The further widening of the Kingston By Pass/Robin Hood Way is what necessitated the early removal of this Box in 1967, and is the reason the original Box Site is now in the middle of the north bound half of the divided roadway.

Note also that the original Box installed at this Site would have been a Mark 2, but the above photos are of a Mark 3 so the Box was apparently replaced some time before about 1960, either due to damage from a collision or because the old one had worn out. If the OS maps are correct (though it is within the margin of error) then it may have also been resited about two yards north when this was done, with the date narrowing to some time before the 1953-1954 map data was collected. The 1935 OS map shows it as being just about 25 yards north of Coombe Lane, while the 1953-1954 OS map shows it as being more like 27 yards north (the original Met List having it at only 15 yards).


Feb 01, 2016, 11:21 am #3 Last Edit: Feb 01, 2016, 11:40 am by hb88banzai
I've come across a much earlier photo of this Box, circa 1939 --


Here's a cropped image taken from the full resolution photo --


Note that more recent research has shown that this Box was originally a Mark 1 rather than the Mark 2 indicated in the last Post (Kingston was the first sub-division to be originally equipped with all-concrete Mark 2's). This photo shows it had already been replaced by a Mark 3 by the time the photo was taken (very early in the war as sandbags were usually replaced by more rigid structures within the first year - this pic seems to show a transitional period between the two, so may be more like early 1940).

Looking at the OS Maps it is also clear that the Box was moved a few yards to the north-northeast some time between the two maps, so it's possible it was replaced at the time of such a move by the Mark 3 if it happened some time between 1935 and 1939/40. One would expect it had to have been replaced in this time frame since if it was much later it would have more likely been by a Mark 4 like Crich.


Apr 11, 2021, 12:28 pm #4 Last Edit: Apr 11, 2021, 12:37 pm by hb88banzai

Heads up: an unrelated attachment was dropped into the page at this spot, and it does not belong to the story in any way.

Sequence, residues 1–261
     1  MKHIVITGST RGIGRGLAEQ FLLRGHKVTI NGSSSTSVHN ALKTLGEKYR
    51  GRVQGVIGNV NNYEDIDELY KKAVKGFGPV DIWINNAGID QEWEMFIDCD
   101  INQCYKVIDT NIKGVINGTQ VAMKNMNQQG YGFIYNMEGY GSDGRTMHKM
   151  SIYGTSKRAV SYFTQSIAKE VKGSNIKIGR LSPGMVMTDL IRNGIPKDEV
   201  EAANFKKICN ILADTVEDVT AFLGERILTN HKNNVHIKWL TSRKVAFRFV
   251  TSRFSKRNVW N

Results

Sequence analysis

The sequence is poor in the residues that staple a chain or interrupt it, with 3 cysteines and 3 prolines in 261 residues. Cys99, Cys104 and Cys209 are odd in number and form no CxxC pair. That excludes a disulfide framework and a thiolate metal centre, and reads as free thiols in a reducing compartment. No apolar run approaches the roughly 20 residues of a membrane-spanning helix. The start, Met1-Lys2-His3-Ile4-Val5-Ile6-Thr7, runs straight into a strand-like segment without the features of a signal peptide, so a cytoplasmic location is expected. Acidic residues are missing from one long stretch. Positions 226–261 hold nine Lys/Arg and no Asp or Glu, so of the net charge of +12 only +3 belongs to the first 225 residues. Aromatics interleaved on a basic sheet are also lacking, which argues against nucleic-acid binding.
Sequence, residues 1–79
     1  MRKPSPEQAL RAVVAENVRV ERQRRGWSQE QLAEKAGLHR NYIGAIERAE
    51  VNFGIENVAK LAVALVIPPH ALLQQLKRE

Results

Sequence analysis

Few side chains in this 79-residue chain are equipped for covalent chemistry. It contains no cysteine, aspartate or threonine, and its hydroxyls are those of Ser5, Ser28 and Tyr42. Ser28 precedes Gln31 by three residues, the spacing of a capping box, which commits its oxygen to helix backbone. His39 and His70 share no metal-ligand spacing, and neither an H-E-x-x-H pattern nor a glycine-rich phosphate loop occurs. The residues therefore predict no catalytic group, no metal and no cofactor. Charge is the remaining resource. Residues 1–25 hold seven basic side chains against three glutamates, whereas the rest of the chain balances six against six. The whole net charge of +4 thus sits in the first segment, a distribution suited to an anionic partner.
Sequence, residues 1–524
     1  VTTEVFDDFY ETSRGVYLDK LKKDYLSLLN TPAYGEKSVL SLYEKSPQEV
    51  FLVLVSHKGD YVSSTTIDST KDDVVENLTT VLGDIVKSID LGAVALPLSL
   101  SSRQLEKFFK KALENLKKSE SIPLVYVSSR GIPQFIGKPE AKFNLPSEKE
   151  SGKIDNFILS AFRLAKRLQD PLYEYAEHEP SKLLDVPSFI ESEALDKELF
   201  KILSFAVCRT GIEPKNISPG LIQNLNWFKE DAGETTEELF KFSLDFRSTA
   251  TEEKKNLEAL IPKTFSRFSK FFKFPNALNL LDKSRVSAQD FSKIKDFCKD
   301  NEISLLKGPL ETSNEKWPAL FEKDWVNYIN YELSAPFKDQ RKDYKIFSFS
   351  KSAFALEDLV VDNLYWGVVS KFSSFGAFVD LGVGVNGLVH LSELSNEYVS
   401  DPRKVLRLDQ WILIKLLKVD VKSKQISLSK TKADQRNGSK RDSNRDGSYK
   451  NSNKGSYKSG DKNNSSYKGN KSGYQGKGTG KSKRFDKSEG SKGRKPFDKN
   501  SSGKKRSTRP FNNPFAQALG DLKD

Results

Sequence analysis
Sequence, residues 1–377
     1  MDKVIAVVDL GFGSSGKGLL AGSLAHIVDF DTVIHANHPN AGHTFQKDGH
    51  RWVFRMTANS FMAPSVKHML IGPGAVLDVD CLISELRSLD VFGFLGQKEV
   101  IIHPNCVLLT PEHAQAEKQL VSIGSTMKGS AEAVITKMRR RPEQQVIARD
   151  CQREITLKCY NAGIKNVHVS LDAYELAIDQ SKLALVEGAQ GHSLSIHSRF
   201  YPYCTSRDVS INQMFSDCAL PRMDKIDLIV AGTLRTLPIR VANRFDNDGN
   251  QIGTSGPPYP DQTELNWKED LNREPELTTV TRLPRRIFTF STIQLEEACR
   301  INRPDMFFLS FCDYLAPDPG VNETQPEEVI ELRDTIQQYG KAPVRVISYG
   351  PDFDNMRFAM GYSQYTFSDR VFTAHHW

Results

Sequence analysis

Not sure why I never posted this, but here is another view of this Box, as it appeared before the war.

Dated 1938 --

V31--Kingston By-pass aka Robin Hood Way(1938).jpg


Apr 11, 2021, 03:39 pm #5 Last Edit: Apr 11, 2021, 03:41 pm by Teppic
Quote from: hb88banzai on Apr 11, 2021, 12:28 pmNot sure why I never posted this, but here is another view of this Box, as it appeared before the war.

Dated 1938 --

V31--Kingston By-pass aka Robin Hood Way(1938).jpg

Looking at how far the roof is inset from the corner posts, I'd say that is the Mk1, albeit with later signage and roof lamp.


Apr 12, 2021, 10:03 am #6 Last Edit: Apr 12, 2021, 10:11 am by hb88banzai
Yes, the 1938 photo shows it to still be the Mark 1 originally installed there, erected as part of the Wimbledon subdivision installation, all commissioned in October 1930.

The first all-concrete Mark 2's weren't installed until the Kingston Subdivision boxes were erected just afterward, being commissioned in March of 1931.

It's interesting that they appear to have replaced the original Mark 1 here with a Mark 3 when they installed the Air Raid Siren just before or just after the outbreak of war in 1939, as the '39 sandbag pic clearly shows it to be a Mark 3 at that point. As more than one Mark 1 was equipped with A.R.W. sirens at this time, there must have been some other reason it was replaced. Perhaps it had structural issues or was the victim of damage from a traffic accident.